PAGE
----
Op-ed: A Second Look at Bisexuality
BY Tyler Curry
March 07 2014 5:00 PM ET
When it comes to selecting our identifiers, those who are bisexual are overwhelmingly slighted in popular culture as being either confused, selfish, or in denial. It is hard enough for the world to understand being gay or lesbian, and all the more hard for them to comprehend that sexuality can be of a fluid nature when their own feels cemented in stone. So they mock bisexual people, because the ability to accept a concept outside of our own experiences is the repetitive struggle throughout the ages. But the problem is, the neglect, disrespect, and dismissal of bisexuals also occur among the people who are supposed to provide shelter for sexual minorities — gay people.
Either you have said it yourself or you have heard it echoed through the gay community over and over. I know I have.
“I don’t believe in bisexuality. It’s just a layover on the way to gay town.”
“She’s not bisexual. She’s just confused. You know she will eventually marry a man.”
As gay men and women, we have all said or thought something along these lines because, quite frankly, we think we've seen it happen time and again. But we of all people know all too well that just because an opinion is popular doesn’t make it true.
As someone who is a true Kinsey 6, I was only able to get to the kissing stage with a girl before doing a cannonball into homosexuality. So in my earlier years as a gay man, I wrongly thought anyone claiming to be bisexual was just too afraid to utter the words “I am gay.” My friends and I would laugh off the assertions of people insisting that they were bisexual, acting like we knew something they didn’t and feeling annoyed that they wouldn’t just admit it already.
Then I met Brett, a coworker and friend who would often frequent the gay bars with me. Brett was always on the prowl for a new boy to bed, but still claimed to have a physical affinity toward the opposite sex. I would laugh at his assertions, refusing to believe any man could ever be attracted to both genders. Of course, this was only because I wasn’t attracted to men and women myself, and I couldn’t look beyond my own feelings and experiences to understand his.
That was eight years ago. Brett and I are still friends and he is still bisexual.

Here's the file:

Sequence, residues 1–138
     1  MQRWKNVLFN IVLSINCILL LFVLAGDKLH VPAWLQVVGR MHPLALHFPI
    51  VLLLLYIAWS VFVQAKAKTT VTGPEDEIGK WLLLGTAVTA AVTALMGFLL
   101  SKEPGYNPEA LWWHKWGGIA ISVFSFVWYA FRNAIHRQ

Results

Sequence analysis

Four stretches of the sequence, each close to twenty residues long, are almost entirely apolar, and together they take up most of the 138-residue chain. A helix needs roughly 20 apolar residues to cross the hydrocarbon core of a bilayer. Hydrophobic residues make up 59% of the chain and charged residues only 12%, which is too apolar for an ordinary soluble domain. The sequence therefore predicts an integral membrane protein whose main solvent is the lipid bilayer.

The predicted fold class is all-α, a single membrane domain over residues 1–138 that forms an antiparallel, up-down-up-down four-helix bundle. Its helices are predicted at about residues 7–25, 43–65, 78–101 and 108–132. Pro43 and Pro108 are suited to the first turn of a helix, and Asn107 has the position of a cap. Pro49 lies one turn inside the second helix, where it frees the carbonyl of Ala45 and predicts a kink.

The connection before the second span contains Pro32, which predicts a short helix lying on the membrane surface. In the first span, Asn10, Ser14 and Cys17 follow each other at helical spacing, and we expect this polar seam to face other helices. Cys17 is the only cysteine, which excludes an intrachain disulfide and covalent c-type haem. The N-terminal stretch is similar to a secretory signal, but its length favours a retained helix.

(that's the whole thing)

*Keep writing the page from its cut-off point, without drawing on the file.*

Somewhere between my twenties and thirties, I realized just how bigoted I was being to my own friend by discounting his sexual orientation. All of my slights over his bisexuality were mere projections of my own ignorance, and it was time for that to stop.
Instead of recognizing the reverse bell curve of sexuality and accepting that some people’s attractions aren’t as finite as others, many in the gay community are like I was and still opt for a more scrupulous approach to separating the gays and the straights. So with a popular attitude toward bisexuality being, “You are either with us or you’re against us but either way you are still a homo,” it’s no wonder that more people don’t publicly identify themselves as bisexual.
For a man, once you dabble in the homosexual arts, some of us may well have mentally tattooed “nelly” on your butt cheeks. Both straight and gay people I know have struggled to accept that a man can be sexually stimulated by another man and still have desires for female intimacy and companionship. The second a guy even kisses another guy, he is forever unfairly labeled a reluctant homosexual in the minds of too many of my gay friends. So why would any man with half a brain and an attraction to both sexes dare to step out of the lady pond if they are never going to be allowed back? The male bisexual may be an elusive creature, but only because we create an environment where these men would rather adopt one label or another instead of facing the firing range of doubt.
Although it may be convenient to shove people into categories that are easily defined, this rigid interpretation of sexuality ostracizes many men and women who should be considered allies, not adversaries.
Accepting that bisexuality is a valid sexual orientation is the same as accepting people for who they say they are, even if it goes beyond what you can understand. To deny the legitimacy of bisexuality because it is outside of our own comprehension is no better than the attitude of the many people who have dismissed homosexuality as being nothing more than a phase, a mental illness, or something that can be fixed.
As gay men and women, we do not allow anyone to deny the legitimacy or authenticity of who we are. We are a culture forged in the steadfast belief that we, as people, were born this way. In spite of the many well-organized efforts to dismiss the validity of our sexuality, we stuck to what we knew was true in our gut. So to casually dismiss bisexuals as either confused straight people or homos in hiding goes directly against the logic that we demand heterosexual naysayers to adopt.
Gay men and women either accept that sexuality is a continuum and that not all people fall so perfectly on one side or the other, or we admit that we are no better than all of the antigay critics who have dismissed our legitimacy because they don’t understand us.
TYLER CURRY created the Needle Prick Project as an editorial and visual campaign to elicit a candid and open conversation on what it means to be HIV-positive today. To learn more about the Needle Prick Project, visit Facebook.com/getpricked or follow Tyler Curry on Facebook or Twitter at @iamtylercurry.